James Duckett was an Englishman who lived during the reign of Queen Elizabeth I. As a young man he became an apprentice printer in London. This is how he came across a book called The Firm Foundation of the Catholic Religion. He studied it carefully and believed that the Catholic Church was the true Church. In those days, Catholics were persecuted in England. James decided that he wanted to be a Catholic anyway and would face the consequences. The clergyman at his former church came to look for him because James had been a steady church goer. He would not come back. Twice he served short prison terms for his stubbornness. Both times his employer interceded and got him freed. But then the employer asked James to find a job elsewhere.
James Duckett knew there was no turning back. He sought out a disguised Catholic priest in the Gatehouse prison. The old priest, "Mr. Weekes," instructed him. Duckett was received into the Catholic Church. He married a Catholic widow and their son became a Carthusian monk. He recorded much of what we know about his father.
Blessed Duckett never forgot that it was a book that had started him on the road to the Church. He considered it his responsibility to provide his neighbors with Catholic books. He knew these books encouraged and instructed them. So dangerous was this "occupation" that he was in prison for nine out of twelve years of his married life. He was finally brought to trial and condemned to death on the testimony of one man, Peter Bullock, a book binder. He testified that he had bound Catholic books for Blessed Duckett, a "grave offense." Bullock turned traitor because he was in prison for unrelated matters and hoped to be freed.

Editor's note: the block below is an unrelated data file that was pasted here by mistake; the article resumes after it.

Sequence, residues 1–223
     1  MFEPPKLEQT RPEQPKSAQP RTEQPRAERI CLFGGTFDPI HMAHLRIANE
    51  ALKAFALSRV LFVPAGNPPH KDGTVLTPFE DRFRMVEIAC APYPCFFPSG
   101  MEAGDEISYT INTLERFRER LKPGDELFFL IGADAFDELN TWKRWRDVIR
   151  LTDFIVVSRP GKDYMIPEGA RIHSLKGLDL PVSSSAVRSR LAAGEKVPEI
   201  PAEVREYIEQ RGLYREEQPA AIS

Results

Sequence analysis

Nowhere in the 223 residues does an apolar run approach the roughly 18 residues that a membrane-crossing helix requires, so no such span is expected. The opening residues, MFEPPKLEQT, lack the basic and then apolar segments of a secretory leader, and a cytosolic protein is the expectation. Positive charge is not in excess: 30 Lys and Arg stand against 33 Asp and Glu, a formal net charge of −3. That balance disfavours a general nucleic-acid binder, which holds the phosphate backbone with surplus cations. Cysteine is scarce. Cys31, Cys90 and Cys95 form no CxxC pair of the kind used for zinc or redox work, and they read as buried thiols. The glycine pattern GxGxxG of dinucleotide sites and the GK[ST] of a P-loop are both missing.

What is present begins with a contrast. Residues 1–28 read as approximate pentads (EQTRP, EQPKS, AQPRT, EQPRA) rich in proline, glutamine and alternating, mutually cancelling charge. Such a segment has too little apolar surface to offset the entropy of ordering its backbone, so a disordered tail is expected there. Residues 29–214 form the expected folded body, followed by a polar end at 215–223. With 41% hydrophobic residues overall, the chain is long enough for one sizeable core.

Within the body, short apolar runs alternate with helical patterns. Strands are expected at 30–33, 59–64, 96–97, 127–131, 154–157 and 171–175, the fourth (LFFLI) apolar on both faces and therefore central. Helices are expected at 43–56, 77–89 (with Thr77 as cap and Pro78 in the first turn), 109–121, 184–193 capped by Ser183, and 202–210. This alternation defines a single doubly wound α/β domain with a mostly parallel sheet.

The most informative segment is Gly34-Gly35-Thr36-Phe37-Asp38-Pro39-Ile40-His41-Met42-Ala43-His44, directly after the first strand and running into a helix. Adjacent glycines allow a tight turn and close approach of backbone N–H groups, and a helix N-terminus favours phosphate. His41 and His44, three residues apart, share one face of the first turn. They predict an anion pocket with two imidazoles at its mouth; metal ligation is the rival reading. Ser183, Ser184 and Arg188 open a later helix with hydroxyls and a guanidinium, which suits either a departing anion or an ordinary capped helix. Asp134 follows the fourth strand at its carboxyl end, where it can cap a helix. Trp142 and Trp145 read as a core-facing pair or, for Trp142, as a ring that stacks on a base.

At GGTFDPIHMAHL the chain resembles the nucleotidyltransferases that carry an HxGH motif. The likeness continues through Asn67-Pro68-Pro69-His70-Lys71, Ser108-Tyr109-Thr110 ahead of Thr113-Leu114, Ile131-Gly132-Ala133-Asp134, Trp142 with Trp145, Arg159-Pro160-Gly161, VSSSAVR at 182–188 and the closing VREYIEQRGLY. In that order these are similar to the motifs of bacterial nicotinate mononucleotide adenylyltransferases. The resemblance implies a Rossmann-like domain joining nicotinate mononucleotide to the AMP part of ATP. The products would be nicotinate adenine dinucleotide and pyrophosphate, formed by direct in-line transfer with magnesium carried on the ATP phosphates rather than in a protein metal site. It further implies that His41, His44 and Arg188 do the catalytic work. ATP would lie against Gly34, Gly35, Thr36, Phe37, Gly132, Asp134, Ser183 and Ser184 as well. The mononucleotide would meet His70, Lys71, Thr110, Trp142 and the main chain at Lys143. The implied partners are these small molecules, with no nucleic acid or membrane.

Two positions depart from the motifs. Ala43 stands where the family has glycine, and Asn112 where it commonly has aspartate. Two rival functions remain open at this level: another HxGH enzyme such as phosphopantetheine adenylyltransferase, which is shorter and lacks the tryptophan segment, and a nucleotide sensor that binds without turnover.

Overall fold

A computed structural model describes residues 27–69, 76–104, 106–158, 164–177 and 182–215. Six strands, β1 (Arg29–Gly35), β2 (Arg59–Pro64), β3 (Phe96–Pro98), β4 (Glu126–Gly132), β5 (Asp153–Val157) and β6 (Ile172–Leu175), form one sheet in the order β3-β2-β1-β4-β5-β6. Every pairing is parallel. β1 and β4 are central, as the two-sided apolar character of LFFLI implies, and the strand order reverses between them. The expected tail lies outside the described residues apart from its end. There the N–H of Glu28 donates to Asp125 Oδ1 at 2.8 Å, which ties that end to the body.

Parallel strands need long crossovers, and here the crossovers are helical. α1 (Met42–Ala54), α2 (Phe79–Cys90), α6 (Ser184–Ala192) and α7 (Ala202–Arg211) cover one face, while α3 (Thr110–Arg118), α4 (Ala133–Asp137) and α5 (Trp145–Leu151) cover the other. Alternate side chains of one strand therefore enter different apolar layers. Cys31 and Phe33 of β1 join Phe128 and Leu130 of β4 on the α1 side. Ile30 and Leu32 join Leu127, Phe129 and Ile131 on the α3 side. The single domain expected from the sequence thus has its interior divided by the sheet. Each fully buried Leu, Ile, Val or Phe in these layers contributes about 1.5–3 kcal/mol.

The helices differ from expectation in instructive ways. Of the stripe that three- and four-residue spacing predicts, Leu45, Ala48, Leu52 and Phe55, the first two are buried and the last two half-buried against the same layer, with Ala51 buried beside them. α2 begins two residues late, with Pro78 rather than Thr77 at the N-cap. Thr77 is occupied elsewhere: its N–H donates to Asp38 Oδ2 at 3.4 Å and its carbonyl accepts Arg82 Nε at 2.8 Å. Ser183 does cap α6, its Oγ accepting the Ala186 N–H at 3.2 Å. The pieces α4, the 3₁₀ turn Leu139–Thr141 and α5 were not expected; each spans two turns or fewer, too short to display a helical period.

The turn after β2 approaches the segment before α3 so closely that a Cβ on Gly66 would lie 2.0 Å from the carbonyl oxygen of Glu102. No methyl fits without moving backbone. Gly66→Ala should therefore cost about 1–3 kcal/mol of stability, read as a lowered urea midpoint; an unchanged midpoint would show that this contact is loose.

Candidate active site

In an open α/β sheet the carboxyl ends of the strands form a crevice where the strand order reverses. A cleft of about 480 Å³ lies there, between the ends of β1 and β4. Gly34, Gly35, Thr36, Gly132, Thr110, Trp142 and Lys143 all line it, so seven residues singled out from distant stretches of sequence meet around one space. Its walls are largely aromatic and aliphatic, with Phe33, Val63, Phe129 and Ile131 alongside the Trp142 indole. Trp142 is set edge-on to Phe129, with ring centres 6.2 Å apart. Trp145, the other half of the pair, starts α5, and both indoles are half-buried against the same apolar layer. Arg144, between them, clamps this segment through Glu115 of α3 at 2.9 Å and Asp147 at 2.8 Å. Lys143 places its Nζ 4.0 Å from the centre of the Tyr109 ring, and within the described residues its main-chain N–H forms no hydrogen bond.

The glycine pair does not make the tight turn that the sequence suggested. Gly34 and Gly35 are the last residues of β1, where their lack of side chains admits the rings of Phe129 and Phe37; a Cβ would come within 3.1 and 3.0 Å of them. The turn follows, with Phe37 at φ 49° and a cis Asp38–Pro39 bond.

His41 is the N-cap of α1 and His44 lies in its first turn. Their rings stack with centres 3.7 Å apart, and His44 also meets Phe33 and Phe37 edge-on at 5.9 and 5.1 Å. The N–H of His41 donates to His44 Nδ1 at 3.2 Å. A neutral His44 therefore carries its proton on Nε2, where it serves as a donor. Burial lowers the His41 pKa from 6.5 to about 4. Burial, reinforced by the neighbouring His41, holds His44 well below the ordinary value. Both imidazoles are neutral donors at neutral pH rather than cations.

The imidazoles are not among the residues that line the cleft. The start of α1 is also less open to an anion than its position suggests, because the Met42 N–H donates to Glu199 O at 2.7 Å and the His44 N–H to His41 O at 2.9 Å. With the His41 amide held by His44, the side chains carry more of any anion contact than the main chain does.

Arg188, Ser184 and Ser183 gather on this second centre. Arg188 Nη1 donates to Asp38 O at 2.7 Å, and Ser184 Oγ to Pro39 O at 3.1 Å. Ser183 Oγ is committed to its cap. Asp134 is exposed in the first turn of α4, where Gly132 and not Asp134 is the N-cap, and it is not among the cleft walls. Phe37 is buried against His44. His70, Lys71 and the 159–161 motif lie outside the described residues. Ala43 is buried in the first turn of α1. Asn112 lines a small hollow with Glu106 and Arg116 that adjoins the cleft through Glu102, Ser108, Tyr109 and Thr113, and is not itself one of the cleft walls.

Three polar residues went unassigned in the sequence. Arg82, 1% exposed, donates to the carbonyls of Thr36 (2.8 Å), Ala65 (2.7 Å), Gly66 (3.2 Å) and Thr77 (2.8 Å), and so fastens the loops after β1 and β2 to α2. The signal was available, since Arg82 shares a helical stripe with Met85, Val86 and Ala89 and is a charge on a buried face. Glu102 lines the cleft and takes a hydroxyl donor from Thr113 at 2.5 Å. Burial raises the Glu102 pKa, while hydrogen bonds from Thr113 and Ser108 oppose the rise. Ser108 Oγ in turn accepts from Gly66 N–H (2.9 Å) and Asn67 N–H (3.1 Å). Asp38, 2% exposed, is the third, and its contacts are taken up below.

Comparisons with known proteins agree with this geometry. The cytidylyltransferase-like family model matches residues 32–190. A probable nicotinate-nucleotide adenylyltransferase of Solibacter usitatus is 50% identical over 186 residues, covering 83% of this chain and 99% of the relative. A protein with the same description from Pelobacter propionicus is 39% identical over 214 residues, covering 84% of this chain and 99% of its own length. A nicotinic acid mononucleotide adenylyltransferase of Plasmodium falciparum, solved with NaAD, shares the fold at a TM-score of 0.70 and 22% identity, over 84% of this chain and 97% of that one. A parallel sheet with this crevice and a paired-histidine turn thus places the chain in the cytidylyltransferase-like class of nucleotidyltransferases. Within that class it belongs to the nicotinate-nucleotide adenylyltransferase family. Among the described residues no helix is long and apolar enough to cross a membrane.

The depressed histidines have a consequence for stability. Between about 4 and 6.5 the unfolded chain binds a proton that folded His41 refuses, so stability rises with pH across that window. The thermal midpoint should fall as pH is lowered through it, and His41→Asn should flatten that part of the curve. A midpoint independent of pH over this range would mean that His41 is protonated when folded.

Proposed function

Both men were condemned to die on the same day. On the scaffold at Tyburn, Blessed Duckett assured Bullock of his forgiveness. He kept encouraging the man as they were dying to accept the Catholic faith. Then the ropes were placed around their necks. Blessed Duckett was martyred in 1602.
Martyrs such as James Duckett go against everything we've learned from the Candy version of history. Good model Christians such as Elizabeth persecuted Catholics? Even killed them?
The printing press was used for something besides printing Reformation literature? I would point out that there must have been literate Catholics, despite the Catholic Church's famous attempts to keep people illiterate, but one could make the argument that Bl. Duckett could read because he not Catholic, and used the books to try and convert other people who weren't Catholic.